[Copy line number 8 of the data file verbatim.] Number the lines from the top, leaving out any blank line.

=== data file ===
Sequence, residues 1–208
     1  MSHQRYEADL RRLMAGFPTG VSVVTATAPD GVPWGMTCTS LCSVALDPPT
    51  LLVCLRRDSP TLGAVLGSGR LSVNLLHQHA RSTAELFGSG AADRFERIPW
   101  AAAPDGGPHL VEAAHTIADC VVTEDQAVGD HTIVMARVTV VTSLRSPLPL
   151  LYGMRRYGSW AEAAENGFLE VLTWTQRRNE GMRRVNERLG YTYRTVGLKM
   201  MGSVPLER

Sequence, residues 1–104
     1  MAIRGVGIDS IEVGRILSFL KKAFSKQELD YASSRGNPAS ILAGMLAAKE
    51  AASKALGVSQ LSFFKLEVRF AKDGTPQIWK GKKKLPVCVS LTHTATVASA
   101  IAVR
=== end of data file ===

     1  MAIRGVGIDS IEVGRILSFL KKAFSKQELD YASSRGNPAS ILAGMLAAKE